Unprecedented failures by the government to control the coronavirus and a series of self-inflicted wounds that compounded public distress were not enough to get the Iranian public to demand a new leadership. Instead, the Iranian public opted to work within the existing system on longstanding grievances having to do with water and electricity, protesting as they had done before, and obtaining the same result: palliative measures that did little to address the underlying problems.

At the other end of the spectrum in the Middle East is Israel. The country was aggressive in protecting the health of Israelis, and then Prime Minister Benjamin Netanyahu made a deal with Pfizer-BioNTech to secure early vaccines for all Israelis in return for comprehensive clinical data. As a consequence of this innovative agreement, Israel was the first country in the world to vaccinate a majority of its population (and later, one of the first to mandate boosters). It provided the public with early opportunities for a return to normalcy in the spring of 2021—months before other countries—and it highlighted the effectiveness of the Israeli health system. The Israeli government response seemed a shining example of visionary deal-making and leadership competence.

After two years, the pandemic has not thrown the region into chaos—at least not yet.

Yet in Israel, too, the pandemic seemed to lack political traction. Netanyahu had won victories in three closely decided elections in the two years prior, but he narrowly lost his election in March 2021. While Netanyahu had appeared persistently vulnerable, his vulnerabilities had stayed steady, and he was able to eke out a win repeatedly. Yet at precisely the time when the biggest news in the country was Netanyahu securing vaccines and pointing a way out of the pandemic—or so Israelis thought—it did him no good.

Elsewhere, the pandemic did have more of an effect on political careers, but not on basic policies. In Japan, perceived bungled efforts to balance economic growth with the preservation of public health helped force the resignation of Prime Ministers Shinzo Abe in August 2020 and Yoshihide Suga in September 2021. At issue was public frustration that lockdowns were too harsh and that infection levels were too high—essentially, people expected superb performance from their government. The prime ministers’ departures did not change much, as their Liberal Democratic Party remained in control; the change was minor at best.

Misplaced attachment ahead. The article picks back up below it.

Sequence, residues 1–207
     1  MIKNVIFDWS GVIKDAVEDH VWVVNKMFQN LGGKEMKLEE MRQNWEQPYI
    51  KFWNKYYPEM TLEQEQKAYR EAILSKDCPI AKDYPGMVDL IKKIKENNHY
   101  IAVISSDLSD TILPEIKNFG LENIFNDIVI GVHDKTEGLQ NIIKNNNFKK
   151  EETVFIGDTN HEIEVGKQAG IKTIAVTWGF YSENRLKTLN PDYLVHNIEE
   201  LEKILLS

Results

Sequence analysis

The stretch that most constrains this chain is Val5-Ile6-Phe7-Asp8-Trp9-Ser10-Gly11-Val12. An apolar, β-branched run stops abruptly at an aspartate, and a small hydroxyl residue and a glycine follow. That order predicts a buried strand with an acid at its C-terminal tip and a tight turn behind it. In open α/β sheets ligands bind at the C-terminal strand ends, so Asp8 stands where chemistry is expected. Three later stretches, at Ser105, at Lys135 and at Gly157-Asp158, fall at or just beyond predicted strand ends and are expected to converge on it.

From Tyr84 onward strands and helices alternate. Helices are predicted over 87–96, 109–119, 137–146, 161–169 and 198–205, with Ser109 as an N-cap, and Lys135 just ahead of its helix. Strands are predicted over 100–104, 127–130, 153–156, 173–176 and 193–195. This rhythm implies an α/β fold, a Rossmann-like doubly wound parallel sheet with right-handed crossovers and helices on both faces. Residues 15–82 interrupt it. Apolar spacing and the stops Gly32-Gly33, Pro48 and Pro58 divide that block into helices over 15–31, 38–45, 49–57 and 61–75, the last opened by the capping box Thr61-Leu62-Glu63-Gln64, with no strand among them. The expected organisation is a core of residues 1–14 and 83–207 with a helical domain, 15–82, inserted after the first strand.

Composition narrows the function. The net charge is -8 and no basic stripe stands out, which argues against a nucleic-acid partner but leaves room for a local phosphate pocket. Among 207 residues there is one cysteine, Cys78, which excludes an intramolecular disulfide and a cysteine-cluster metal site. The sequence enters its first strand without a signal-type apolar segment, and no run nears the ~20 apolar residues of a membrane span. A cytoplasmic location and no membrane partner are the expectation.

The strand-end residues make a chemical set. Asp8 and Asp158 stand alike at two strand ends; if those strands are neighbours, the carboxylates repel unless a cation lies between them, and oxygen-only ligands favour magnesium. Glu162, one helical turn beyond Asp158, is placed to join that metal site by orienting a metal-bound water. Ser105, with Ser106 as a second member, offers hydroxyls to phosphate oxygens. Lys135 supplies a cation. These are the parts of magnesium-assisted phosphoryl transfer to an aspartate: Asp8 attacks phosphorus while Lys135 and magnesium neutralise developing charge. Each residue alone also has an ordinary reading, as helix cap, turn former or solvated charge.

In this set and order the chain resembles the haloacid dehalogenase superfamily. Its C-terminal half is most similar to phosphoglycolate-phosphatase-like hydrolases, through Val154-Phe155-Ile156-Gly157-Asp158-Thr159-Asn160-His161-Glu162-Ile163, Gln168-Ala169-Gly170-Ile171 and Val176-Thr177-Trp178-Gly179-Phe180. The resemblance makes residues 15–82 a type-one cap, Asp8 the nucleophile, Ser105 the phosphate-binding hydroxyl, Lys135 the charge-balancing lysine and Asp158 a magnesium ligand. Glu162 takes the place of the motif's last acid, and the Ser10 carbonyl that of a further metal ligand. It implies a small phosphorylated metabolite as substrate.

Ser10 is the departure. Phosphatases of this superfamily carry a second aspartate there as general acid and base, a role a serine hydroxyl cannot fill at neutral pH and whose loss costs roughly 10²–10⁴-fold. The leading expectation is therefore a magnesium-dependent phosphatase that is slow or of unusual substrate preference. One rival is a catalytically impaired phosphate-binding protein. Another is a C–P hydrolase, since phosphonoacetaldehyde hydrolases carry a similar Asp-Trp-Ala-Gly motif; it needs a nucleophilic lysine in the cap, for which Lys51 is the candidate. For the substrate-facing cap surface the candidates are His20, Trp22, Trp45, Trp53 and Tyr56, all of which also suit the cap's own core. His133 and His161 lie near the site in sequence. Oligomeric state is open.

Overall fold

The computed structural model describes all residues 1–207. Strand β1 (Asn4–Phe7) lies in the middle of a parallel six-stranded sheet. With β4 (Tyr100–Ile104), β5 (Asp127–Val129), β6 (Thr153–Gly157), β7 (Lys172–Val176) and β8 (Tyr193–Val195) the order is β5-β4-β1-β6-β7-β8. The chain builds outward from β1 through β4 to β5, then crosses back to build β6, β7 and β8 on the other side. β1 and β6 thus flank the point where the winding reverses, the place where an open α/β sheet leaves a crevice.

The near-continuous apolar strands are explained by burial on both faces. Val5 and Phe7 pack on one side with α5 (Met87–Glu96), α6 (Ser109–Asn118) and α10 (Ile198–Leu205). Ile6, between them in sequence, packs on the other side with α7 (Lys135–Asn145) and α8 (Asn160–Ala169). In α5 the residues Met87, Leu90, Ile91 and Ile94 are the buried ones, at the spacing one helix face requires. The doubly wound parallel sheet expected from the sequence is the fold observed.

In places where politics are less open, some governments appear to have been able to turn the pandemic to their advantage. For example, the wealthier Gulf monarchies were especially proactive. They secured vaccines, mandated their administration, and pushed their publics to use smartphone apps that revealed vaccine status and user location. Those apps allowed governments to contact people, trace them, enforce bans on movement, and more generally keep close tabs on users. Meanwhile, they pumped billions of dollars of stimulus payments into their economies.

Other authoritarian governments were similarly proactive. China is the most well-known. It has pursued a “zero-COVID” strategy that has involved large-scale lockdowns when infections are present, and it has also used smartphone software to verify identity and vaccination status, as well as to control people’s movement. If there are signs of public resistance, they are not visible.

Tunisia represents a more complicated case. There, the pandemic deepened economic distress over the summer of 2021. Parliament was already under pressure. A relatively inexperienced body that had been re-imagined after the 2011 revolution, critics charged it had become a collection of preoccupied, self-interested, and self-serving politicians who were incapable of meeting the country’s challenges. Tunisia’s president, Kais Saied, seized on popular discontent to dismiss parliament and argue for a new constitution. So far, he appears to enjoy widespread popular support, presiding over a majority that had come to distrust democratic rule.